Yosef Yuval Tobi
The beginning of the Ḥimyari kingdom is reckoned at 110
There is little evidence of conversion to Israelite religion or Judaism in Jewish scriptures. For instance, while later rabbis understood the book of Ruth to portray the conversion of Ruth to Judaism, the book itself repeatedly refers to her as a Moabite, even after she declares to her mother-in-law Naomi that “your people will be my people, and your God will be my God” (Ruth 1:16). Similarly, the Hebrew text of Esther 8:17 portrays numerous Gentiles Judaizing: “Many peoples of the land Judaized because fear of the Jews fell upon them.” The Septuagint translation (LXX) adds that this “Judaization” included circumcision. While some scholars believe that this verse refers to conversion, the author claims that this action was taken only out of fear of the Jews. These Gentiles did not Judaize out of religious conviction; rather, they merely pretended to be Jews to avoid Jewish retaliation for the violent machinations of Haman.
In the heart of the Lower Galilee lie the remains of Sepphoris, capital of the Galilee during long periods of antiquity. Both literary sources and archaeological finds indicate that the city’s population included pagans, heretics, and Christians living alongside the Jewish population. Many sages lived in the city, which, according to rabbinic literature, boasted numerous synagogues and academies (batei midrash). When Rabbi Judah ha-Nasi (the Patriarch of Judaea) moved to Sepphoris at the beginning of the 3rd century, the Jews gained a significant presence on the city council. With the growth of the Christian community came the construction of churches and the involvement of the episcopus (head of the Christian community) in municipal affairs. Economically, Sepphoris had become a well-established city due to the fertile soil in the nearby valleys and its active trade with the immediate surroundings and distant markets.
Hellenistic Sepphoris was built on its hill and slopes. Early in the 2nd century
Stefan C. Reif
Although some of the inspiration for later Jewish prayers undoubtedly came from the ancient Near East and the early books of the Hebrew Bible, there was at that early period of development little connection between the formal liturgy, as represented by the Temple cult, and the spontaneous entreaties of the individual. During the Second Temple period, the two methods of expression began to coalesce, and the literature included among the Dead Sea Scrolls testifies to the recitation of regular prayers at fixed times. The Talmudic rabbis laid down instructions for some statutory prayers, such as the shema‘ and the ‘amidah, and these gradually formed the basis of what became the synagogal liturgy.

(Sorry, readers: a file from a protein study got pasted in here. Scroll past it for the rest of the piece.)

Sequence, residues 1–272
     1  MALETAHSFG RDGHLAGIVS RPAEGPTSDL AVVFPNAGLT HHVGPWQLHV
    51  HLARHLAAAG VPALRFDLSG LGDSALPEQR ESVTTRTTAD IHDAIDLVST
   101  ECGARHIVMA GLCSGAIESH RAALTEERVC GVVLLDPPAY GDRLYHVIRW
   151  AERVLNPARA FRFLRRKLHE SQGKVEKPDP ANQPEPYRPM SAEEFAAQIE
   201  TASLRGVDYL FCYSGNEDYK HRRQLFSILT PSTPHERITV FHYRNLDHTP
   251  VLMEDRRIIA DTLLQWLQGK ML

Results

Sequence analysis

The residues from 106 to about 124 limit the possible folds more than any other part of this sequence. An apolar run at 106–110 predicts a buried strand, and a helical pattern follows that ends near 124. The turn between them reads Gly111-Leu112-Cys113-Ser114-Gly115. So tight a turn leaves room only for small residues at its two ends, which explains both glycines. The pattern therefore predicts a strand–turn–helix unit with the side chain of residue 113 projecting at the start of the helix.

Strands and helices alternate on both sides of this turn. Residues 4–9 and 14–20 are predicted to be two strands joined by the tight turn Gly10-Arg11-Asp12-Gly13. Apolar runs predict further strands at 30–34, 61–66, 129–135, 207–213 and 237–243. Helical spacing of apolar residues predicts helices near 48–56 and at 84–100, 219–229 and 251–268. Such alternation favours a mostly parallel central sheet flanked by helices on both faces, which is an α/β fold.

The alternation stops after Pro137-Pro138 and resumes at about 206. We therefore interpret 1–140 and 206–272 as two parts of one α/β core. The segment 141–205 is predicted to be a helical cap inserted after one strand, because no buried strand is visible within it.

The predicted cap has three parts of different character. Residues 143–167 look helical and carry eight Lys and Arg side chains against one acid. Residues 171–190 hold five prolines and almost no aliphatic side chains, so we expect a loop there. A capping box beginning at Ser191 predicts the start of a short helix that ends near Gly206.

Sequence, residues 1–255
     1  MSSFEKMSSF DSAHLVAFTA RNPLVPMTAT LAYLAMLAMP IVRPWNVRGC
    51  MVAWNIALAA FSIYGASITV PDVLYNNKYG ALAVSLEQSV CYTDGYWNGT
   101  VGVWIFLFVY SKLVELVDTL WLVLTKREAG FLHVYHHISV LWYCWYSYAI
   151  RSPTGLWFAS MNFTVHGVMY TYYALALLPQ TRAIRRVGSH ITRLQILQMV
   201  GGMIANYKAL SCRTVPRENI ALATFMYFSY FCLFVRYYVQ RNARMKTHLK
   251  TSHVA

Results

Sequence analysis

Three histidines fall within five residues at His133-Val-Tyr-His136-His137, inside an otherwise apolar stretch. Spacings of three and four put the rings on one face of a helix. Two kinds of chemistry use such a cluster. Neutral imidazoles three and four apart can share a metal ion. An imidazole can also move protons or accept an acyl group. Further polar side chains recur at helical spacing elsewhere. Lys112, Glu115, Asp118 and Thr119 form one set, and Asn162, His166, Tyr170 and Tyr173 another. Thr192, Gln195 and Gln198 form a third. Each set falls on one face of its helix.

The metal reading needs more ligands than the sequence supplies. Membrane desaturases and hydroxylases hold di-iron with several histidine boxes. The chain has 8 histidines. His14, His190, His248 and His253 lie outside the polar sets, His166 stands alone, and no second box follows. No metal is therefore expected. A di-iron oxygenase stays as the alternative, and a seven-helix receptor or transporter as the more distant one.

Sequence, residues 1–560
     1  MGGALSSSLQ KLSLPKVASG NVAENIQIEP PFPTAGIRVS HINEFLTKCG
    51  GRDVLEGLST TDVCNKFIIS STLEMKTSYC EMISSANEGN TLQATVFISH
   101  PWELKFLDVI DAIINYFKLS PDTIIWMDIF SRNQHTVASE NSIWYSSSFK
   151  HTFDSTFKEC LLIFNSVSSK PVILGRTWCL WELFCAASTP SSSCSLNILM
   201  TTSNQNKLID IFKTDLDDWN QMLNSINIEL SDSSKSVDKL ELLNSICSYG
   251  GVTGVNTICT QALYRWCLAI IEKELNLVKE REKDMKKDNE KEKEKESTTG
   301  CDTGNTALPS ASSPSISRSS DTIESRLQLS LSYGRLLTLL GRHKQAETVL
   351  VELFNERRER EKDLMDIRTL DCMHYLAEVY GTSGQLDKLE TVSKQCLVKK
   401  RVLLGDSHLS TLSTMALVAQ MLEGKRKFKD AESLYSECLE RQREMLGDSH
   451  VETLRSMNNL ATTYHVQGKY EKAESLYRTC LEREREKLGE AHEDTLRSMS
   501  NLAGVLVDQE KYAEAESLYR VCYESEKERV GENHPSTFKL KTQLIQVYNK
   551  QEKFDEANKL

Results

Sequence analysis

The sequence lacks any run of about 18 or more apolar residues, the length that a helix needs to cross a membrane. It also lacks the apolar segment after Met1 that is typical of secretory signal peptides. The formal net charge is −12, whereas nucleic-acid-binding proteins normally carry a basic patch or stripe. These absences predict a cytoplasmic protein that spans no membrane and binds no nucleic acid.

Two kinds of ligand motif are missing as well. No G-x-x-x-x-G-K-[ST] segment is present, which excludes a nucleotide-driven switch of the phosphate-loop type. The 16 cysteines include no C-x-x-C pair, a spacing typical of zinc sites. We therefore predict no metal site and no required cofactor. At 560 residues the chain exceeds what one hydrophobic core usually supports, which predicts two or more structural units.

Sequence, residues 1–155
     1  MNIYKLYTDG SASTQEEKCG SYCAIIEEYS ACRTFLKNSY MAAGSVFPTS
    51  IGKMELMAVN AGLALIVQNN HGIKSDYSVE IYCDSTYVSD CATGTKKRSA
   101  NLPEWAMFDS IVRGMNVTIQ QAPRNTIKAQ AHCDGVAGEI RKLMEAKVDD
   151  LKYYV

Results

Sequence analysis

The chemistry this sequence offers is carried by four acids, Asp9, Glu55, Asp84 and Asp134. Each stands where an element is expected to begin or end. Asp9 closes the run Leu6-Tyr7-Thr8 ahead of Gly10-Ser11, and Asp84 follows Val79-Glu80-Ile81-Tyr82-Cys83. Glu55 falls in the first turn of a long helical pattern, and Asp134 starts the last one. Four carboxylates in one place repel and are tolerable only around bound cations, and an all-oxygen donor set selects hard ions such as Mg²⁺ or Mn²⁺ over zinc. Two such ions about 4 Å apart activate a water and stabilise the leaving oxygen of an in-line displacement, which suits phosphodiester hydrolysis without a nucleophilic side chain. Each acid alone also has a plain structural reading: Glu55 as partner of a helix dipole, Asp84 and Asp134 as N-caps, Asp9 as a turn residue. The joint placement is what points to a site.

Richard J. A. Talbert
The city of Joppe/Jaffa/Yafo on the eastern shore of the Mediterranean, immediately south of modern Tel Aviv, has a long history of importance as an urban centre, from the Middle Bronze Age onward until the 20th century. It was one of the few sites along the Palestinian coast that had a usable anchorage. The present article focuses on the Hellenistic, Roman, and late Roman periods, giving a brief survey of the major events, the political, social, and administrative history, and the major sources of information.
Erich S. Gruen
The Sibylline Oracles had a long life. The Sibyl was in origin a single Greek prophetess, renowned for the accuracy of her forecasts, divinely inspired, but portrayed as mad or raving, and regularly spewing forth dire forebodings. Additional Sibyls gradually sprang up in a variety of locations in the Mediterranean world, including the renowned Cumaean Sibyl whom Aeneas reputedly consulted. Sibylline prophecies were eventually collected in written form in Rome and used by Roman authorities to provide interpretation of unusual prodigies or natural disasters or to offer advice on significant matters of foreign entanglements and wars. Although that collection (insofar as it is historical) has long since disappeared, the voice of the Sibyl was reproduced in literary form. The extant Sibylline verses, composed in Homeric Greek hexameters, constitute twelve books of oracles, fashioned over a period of several centuries by numerous different and no longer identifiable hands. They constitute a motley assemblage of grim forecasts, historical references, apocalyptic visions, and denunciations of various peoples, especially Romans, for their abandonment of piety and indulgence in evil. The genre was appropriated by anonymous Jewish authors, speaking through the voice of the Sibyl, and employed to convey condemnation of cities and nations for the sins of idolatry, licentiousness, and a range of vices. Vivid portrayals of the end time and eschatological conflagration feature many of the texts. Subsequent Christian writers interpolated verses, added exaltations of Christ, and appropriated Sibylline pronouncements for their own ends. Others manipulated the oracles to record historical personages and events in the framework of prophetic pronouncements. The result was a complex and unsystematic compilation of reconstructed or fabricated prophecies ascribed to Sibyls but largely representing the ingenuity of Jewish and Christian compilers.